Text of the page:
Thomas Moring, a 19th century “die-sinker, gem engraver, heraldic artist and seal engraver” was known to have been active from 1840 to 1900, appearing in records at an address in Lincoln’s Inn Fields and then later in High Holbern. The engraver also seems to have been a prolific ex libris artist
The central figure in the bookplate represents Tarzan. He is holding the planet Mars, above which are two Martian satellites. These because of my Martian series of stories. Grasping his legs is one of the great apes, among which Tarzan was reared. In the background are characters from several of my other stories.
Whilst not all the famous names – “authors, poets, statesmen, theologians, orators, financiers and educationalists” – listed in Clifford N. Carver’s 1911 book celebrating the ‘Book-Plates of Well-Known Americans’ may be household names today, the text is still a fascinating source of interest to the modern ex libris collector and an excellent illustrated catalogue of bookplate design.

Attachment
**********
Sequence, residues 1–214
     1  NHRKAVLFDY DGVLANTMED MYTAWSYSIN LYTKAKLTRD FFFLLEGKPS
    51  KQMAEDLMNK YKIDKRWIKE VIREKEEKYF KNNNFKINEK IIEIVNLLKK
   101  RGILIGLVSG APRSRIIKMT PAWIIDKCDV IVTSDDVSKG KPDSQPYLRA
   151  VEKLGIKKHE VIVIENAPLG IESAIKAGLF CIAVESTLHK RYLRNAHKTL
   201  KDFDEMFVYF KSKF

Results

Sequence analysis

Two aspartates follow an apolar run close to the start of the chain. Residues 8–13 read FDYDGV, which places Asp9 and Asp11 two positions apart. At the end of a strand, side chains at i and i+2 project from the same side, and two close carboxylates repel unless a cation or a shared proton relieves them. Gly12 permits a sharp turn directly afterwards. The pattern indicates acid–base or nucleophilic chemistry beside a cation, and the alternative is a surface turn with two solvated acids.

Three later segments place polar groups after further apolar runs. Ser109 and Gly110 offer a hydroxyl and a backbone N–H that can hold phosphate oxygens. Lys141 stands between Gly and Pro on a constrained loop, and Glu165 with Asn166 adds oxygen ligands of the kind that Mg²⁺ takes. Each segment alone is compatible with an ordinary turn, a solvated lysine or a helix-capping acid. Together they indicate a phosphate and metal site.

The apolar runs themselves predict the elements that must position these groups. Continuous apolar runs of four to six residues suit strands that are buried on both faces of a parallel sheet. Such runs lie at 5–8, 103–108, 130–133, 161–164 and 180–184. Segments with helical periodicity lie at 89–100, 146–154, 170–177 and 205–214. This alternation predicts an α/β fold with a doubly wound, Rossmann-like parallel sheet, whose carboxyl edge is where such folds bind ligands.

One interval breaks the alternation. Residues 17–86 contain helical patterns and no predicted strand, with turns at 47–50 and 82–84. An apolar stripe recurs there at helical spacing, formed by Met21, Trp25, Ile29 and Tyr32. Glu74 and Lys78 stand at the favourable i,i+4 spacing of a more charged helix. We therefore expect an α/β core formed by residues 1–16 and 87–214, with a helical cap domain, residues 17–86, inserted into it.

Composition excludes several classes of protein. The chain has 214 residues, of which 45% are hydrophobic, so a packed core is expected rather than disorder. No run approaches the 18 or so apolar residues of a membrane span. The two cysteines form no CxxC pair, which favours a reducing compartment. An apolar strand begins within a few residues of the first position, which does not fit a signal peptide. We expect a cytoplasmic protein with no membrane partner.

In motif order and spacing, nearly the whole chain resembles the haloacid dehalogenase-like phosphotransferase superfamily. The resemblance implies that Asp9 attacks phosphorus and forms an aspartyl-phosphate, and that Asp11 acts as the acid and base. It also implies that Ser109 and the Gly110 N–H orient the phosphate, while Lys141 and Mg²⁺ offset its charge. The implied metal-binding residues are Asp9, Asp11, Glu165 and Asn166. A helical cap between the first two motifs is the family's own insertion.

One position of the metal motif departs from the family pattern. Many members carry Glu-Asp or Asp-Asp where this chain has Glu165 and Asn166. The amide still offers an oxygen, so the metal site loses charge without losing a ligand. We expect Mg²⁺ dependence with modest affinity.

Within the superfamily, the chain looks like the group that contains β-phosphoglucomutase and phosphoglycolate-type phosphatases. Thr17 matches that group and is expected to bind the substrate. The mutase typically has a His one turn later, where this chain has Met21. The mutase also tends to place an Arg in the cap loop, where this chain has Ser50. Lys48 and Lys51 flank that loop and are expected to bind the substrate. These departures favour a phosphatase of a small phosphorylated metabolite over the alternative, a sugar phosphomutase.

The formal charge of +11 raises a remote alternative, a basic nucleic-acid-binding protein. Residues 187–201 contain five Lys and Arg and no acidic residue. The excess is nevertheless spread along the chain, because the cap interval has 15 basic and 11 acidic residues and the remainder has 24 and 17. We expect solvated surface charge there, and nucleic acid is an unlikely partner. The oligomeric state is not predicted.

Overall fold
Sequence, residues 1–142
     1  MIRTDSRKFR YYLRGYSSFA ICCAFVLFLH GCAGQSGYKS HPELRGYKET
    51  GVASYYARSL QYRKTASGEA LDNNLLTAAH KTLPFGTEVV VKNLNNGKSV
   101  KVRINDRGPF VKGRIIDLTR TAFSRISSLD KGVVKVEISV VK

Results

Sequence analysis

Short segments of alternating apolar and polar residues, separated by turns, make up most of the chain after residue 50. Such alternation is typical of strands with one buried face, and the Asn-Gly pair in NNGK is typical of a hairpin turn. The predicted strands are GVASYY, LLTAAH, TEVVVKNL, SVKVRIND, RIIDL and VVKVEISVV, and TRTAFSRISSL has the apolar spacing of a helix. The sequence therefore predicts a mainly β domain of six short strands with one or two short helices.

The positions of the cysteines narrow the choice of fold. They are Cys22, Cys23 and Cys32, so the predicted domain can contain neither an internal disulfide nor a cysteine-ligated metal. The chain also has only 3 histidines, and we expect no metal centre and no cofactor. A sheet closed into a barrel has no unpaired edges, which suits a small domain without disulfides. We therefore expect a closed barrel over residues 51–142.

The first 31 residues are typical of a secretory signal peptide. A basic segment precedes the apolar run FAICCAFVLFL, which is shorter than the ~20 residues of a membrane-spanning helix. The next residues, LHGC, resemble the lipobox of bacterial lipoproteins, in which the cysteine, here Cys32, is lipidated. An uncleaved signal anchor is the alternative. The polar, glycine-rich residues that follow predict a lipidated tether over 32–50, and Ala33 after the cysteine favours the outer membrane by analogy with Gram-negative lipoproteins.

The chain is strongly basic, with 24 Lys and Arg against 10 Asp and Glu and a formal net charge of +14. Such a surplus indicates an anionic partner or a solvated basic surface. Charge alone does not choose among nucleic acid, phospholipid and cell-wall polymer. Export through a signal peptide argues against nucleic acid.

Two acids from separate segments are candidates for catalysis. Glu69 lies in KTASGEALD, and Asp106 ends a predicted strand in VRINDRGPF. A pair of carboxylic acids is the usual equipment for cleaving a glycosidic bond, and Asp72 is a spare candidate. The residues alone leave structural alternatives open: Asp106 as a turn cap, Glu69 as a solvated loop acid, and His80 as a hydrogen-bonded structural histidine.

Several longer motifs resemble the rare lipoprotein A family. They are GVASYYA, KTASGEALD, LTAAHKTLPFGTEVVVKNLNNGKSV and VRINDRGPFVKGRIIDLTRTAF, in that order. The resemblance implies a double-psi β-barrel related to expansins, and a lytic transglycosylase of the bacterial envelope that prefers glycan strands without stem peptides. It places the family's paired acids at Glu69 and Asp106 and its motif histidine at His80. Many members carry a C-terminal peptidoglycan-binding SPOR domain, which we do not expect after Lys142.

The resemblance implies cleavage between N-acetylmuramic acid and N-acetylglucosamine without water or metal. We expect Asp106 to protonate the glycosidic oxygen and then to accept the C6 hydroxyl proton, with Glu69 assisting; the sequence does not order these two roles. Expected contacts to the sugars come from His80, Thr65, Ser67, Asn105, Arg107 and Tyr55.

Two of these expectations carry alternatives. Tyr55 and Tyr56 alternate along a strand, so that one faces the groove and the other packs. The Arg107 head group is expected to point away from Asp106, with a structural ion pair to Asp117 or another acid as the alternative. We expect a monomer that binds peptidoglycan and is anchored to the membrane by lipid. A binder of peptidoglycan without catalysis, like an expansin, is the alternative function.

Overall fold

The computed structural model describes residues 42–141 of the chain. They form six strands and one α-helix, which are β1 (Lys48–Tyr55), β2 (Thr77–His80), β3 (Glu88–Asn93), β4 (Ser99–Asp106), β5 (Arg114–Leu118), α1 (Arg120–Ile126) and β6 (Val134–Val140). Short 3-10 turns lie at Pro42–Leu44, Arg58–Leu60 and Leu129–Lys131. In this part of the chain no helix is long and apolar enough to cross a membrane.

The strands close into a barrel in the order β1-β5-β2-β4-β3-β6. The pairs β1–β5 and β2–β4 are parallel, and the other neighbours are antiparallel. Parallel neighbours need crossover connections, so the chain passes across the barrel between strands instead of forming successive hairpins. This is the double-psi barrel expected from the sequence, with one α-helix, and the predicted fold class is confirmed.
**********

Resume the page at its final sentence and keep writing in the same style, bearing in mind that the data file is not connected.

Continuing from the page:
Time-honored custom seems to demand that elementary expositions of the nature and use of bookplates should open with an explanation of the early use of heraldry on bookplates. In olden times, the ability to read and write not being an accomplishment of the multitude, the bookowner would naturally choose an armorial achievement with which to mark his books because of the meaning it would convey to anyone who might find the book, whether he could read or not.
One of the most interesting examples of a portrait bookplate is that of Samuel Pepys, the famous Diarist. The plate, which was engraved by Robert White after one of the portraits by Sir Godfrey Kneller, seems to have been originally used as a frontispiece for Memoirs of the Navy which the owner privately printed in 1690.